16. Well, this event, which only The Gospel According To John transmits, could be considered, in a certain sense, a symbolic event that shows how future disciples ought to be. [John] called disciples the persons who had followed Jesus and had seen through his life, his death on the cross and his resurrection the places where Jesus stayed and abided, and they themselves had become persons who abided where Jesus was. But they did not just abide in their relationships with God the Father, which Christ had shown them. From there they went on to become the voice of invitation from Christ, inviting [others] into a relationship with God the Father. [They would] say, "Come. You will understand if you do."
17. The next episode after this clearly shows more about this. The next day, Jesus met Philip and said to him, "Follow me." The text says about Philip, he was from Bethsaida, the [same home] town of Andrew and Peter. Its having been written in this matter seems to be hinting at the fact that since he was from the same village as Andrew and them, who had already met Jesus, this turned into a chance for Philip and Christ to meet. Since in verse forty-one the text has "First he met with his own brother Simon," then Philip probably was next.
18. Philip had met Jesus this way, and just as Andrew did, he told Nathanael about Christ. But, Nathanael's response was cold. He said, "Does anything good ever come from Nazareth?" Of course, it is not that he was not expecting the messiah. As a person living in the traditions of Israel, he too was in earnest expectation of the messiah. But, it would have been a stumbling block to say he was from Nazareth. He would not want to believe that the messiah was from Nazareth because Nazareth was no more than a small town in Galilee. Even a modern Bible dictionary explains it as "a town very insignificant in antiquity." He probably meant that the messiah wouldn't come from such a remote corner off in the countryside.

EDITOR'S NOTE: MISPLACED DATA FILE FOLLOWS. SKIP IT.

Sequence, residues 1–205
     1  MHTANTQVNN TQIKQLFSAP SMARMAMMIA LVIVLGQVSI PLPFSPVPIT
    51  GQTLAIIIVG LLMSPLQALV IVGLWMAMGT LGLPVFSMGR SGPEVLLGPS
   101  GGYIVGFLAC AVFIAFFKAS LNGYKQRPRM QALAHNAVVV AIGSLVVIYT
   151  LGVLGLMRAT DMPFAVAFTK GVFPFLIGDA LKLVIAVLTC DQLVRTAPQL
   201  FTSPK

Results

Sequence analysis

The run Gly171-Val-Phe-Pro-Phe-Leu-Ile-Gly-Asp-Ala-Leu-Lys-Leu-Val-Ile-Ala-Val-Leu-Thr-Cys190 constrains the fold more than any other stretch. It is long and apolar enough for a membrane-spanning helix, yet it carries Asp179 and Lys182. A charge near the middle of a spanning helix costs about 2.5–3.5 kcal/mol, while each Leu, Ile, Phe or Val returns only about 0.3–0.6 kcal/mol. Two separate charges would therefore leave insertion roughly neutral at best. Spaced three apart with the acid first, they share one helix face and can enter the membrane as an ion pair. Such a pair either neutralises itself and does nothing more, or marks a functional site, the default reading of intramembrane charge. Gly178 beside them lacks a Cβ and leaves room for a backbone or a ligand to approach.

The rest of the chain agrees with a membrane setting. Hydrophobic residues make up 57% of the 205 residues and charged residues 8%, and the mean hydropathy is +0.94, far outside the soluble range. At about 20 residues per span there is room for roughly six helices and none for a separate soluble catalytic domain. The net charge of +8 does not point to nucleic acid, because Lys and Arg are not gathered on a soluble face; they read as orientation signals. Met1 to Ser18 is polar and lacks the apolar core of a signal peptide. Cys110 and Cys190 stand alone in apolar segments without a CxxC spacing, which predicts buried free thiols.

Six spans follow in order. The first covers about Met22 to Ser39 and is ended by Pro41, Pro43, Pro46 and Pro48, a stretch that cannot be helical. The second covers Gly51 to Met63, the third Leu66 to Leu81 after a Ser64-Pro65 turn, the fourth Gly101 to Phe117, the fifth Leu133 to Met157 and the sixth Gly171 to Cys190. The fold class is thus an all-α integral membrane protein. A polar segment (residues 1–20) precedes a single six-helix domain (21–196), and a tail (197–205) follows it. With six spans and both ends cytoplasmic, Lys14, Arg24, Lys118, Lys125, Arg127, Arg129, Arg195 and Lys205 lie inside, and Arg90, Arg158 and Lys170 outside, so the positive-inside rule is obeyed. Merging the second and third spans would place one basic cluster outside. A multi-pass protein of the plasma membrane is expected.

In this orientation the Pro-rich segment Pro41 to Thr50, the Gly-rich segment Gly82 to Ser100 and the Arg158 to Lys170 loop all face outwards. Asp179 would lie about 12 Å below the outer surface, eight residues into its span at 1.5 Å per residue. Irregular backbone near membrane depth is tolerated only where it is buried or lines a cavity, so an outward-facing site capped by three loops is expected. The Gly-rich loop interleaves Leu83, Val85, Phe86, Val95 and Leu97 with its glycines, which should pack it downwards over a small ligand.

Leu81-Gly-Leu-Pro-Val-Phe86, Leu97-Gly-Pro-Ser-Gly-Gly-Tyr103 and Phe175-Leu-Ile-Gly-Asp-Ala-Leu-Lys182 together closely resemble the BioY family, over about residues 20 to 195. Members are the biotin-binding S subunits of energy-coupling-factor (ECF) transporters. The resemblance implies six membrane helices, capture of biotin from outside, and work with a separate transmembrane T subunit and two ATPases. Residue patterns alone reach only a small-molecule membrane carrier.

19. The words Philip gave without even thinking to Nathanael were "Come and see." Somehow or other those words were already familiar to him. Jesus had also said them, "Come. You will understand if you do." It has "understand," but this is in the original text the word "see." Jesus had also said, "Come and see." (To be strict, the vocabulary that was used is different, but it is a word with almost the same meaning.) We clearly understand that Philip here too becomes the voice of invitation from Christ to Nathanael.
20. But, the really interesting thing is the exchange between Jesus and Nathanael that follows after it. Philip said to Nathanael, "Come and see." So Nathanael did come in order to see. However, Jesus said the following about Nathanael as he approached. "See. [He] is a true Israelite. There is no deceit in this man." As Jesus spoke of him so suddenly, Nathanael asked, "How did you know me?" Whereupon, Jesus said, "I had seen you before when you were being addressed by Philip, you were under the fig tree." Though he had come to see, he had truly been seen. Before Nathanael knew Jesus, Nathanael was known by Jesus. Philip probably was surprised by this too, because even though he was planning to tell him of Jesus, the one he was speaking to had already been known by Jesus long before.
21. Yet, I think to become the voice of invitation for Christ is that way. When we say, "Come and see," and bring someone to Christ, and when that person meets Christ, one comes to see dead on the truth that Jesus had already been looking at that person. Jesus knew all the person's sorrows, and pains, and requests within his or her heart. I am no more than a voice for such a Jesus. The one who has said "Come, you will understand if you do" is truly Jesus himself. [God will see to it that] you will discover and know that.